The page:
Shortage of rental properties so extreme tenants are refusing to leave?

Shortage of rental properties so extreme tenants are refusing to leave?

15:01 PM, 19th April 2022, About a month ago 76

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Hi, my name is Melissa Lawford and I am the property correspondent at The Telegraph. I have heard from some lettings agents that the shortage of rental properties is so extreme that in some cases tenants are refusing to leave properties because they have nowhere to move to.

I’m keen to talk to landlords who are being affected by this.

Are you having problems getting a property back because your tenants cannot find anywhere else to rent?

Please get in touch, melissa.lawford@telegraph.co.uk, 07936135425

Thank you so much for your help,

Melissa



Comments

by Rosanne Turvey

11:15 AM, 20th April 2022, About a month ago

Reply to the comment left by Rob Thomas at 20/04/2022 - 10:35
I have to say also that the whole EPC scenario depends on the person carrying out the EPC. I have ten properties - when the last EPC was carried out all but 2 of them were a C and so I thought I was going to be OK with the new regulations. I have just had to have an EPC done on one of my properties again as it was due. The property was a 'C' - nothing has changed since the last EPC yet the chap carrying out the new EPC has downgraded it to a D recommending at least £16,000 worth of work be carried out to bring it up to a C. I tried contacting him to ask why he had downgraded it but I cannot get an answer from him as he has completely ignored my requests.
I spoke to my local Landlords Association who pointed me in the direction of another EPC Inspector who kindly offered to have a look on the website to see what the difference was between the last EPC and this one. He said there is only a difference of 5 points in it and this could be because the inspector does not know whether it had any insulation on a flat roof. As they do not carry out any invasive investigations, they just guess whether they think there is any insulation! Why oh why do they not contact the landlord before to ask these questions? I will add that when we bought all our properties we completely renovated them before letting them out but my husband cannot remember what was insulated. We are now going to have to go to the property and investigate whether it is indeed insulated - (we would have done this had we known it was going to cause a problem) and then get another EPC done, informing the inspector what is and what is not insulated before he goes.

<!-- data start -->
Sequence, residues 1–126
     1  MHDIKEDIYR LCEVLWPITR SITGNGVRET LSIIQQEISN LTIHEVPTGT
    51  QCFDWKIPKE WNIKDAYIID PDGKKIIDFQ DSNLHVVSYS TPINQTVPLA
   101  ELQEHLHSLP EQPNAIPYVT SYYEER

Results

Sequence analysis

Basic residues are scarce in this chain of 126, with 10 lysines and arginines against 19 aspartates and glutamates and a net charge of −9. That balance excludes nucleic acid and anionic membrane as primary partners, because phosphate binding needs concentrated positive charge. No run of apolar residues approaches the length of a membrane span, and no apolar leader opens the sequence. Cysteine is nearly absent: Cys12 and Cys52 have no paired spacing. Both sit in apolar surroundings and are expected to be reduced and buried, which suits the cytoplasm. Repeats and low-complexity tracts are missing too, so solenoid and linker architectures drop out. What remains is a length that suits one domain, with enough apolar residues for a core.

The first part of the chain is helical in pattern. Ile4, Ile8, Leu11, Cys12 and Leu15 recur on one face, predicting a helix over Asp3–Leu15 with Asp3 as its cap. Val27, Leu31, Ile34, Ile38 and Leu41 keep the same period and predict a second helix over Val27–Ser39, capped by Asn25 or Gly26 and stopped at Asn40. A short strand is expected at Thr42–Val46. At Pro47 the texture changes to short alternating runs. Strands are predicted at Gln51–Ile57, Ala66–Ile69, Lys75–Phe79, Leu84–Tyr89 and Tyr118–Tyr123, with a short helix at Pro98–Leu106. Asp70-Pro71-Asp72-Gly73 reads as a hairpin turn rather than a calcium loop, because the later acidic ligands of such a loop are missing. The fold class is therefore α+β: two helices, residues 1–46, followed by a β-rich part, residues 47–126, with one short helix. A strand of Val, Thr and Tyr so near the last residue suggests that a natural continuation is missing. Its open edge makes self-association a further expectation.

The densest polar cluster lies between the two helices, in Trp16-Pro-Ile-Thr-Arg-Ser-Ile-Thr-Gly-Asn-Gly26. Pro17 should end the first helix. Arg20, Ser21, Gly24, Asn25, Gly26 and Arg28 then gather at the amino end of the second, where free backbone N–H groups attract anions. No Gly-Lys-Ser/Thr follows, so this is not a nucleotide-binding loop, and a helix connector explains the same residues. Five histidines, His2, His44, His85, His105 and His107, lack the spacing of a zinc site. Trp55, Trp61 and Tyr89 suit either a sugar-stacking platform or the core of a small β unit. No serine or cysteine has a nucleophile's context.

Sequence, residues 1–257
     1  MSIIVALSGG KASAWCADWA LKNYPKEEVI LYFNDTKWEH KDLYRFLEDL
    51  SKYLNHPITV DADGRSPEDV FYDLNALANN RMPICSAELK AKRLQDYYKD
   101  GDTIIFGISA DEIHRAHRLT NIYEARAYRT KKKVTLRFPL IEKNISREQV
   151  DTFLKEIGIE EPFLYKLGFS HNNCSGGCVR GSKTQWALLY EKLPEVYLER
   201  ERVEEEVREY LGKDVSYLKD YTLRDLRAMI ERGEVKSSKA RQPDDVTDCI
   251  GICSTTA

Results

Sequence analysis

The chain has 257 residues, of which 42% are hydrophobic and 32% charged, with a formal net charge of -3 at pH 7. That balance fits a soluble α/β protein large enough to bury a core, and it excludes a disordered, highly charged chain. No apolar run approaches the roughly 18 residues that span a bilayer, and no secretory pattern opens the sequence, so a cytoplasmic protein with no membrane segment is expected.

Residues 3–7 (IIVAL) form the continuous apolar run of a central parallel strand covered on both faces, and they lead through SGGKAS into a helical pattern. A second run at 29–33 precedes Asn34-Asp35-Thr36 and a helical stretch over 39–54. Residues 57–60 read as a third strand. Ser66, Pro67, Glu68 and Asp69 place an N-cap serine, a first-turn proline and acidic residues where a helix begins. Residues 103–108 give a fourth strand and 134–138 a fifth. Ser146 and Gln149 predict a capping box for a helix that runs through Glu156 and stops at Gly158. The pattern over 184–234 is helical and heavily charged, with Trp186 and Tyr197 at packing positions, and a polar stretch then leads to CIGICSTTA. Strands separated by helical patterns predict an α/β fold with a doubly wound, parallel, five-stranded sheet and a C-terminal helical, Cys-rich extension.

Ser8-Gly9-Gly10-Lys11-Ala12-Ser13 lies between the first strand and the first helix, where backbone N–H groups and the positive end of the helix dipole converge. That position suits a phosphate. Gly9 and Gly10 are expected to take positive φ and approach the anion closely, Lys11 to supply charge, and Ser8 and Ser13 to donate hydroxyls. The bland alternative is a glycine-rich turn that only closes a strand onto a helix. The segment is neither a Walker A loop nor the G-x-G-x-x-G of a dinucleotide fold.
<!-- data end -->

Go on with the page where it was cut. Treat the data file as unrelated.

I will add that my tenant has lived there quite happily for the last 10 years and does not want to move - firstly because she likes it there and secondly because there is absolutely nowhere else for her to go! Unfortunately if the EPC still comes back as a D I will be selling the property as I have no intention of paying £16,000 for recommendations on the EPC that are ridiculous i.e. insulating all the walls and floors - it is a stone property!

by NEIL T

11:30 AM, 20th April 2022, About a month ago

Reply to the comment left by Lee Bailey at 20/04/2022 - 10:15
Parties are the last things that we need to worry about. That is just a minor distraction.
The bear is not in the room yet, but when Labour do get in, we'll be lumbered with rent control, security of tenure and no way to get out!

by Mick Roberts

15:24 PM, 20th April 2022, About a month ago

Melissa,

You've heard? Me & the likes of DSR & Monty & Luke etc. on here has seen this accelerating last 5 years or so.
If the Anti Landlord rules were relaxed, we would see normal market forces, supply demand, competition come back lower rents.

I'm massively affected by this.
I want to sell approx 40 of my houses, was going to do this by natural wastage ie. tenants moving of their own accord as I used to get 3 or 4 move every year if I had nothing for them. However with all the Imbecile Govt & Council Landlord attacks, my Benefit tenants it looks like can never move again.

In Nottingham, it's nigh on impossible for a Benefit tenant to ever secure Private Rented accommodation again cause of Selective Licensing & Universal Credit.

Below is part of long letter I'm having to whatsapp my tenants giving them 10 years (now 8 years notice)

I'd like to sell about 30-40 to the Council (with tenants in) which I've got me MP looking into as apparently he knows all them in that department from years ago.
And even if I sell 40, I'm still gonna' have too many as I get older.
My problem is my tenants can't move any more & I'm not crapping on those that have been good to me.

I send the below to the tenants ONLY after they've spoke to me about potential move etc.

I've not finished this, only rough draft.

It is proposed by Govt & Councils, you can't live in your own house if you don't reach a certain minimum EPC standard by 2028. Please read later on below.

Most of u r very good. But are u perfect? Read Licensing conditions and tell yourself:
1. Could u comply with all them.
2. Would u take any tenant on that wasn't the most prim proper person ever?
3. If u was a landlord getting older, would u want to be dealing with that for EVERY house EVERY tenant?
4. Could u be doing with giving out 200 pages to each tenant each house.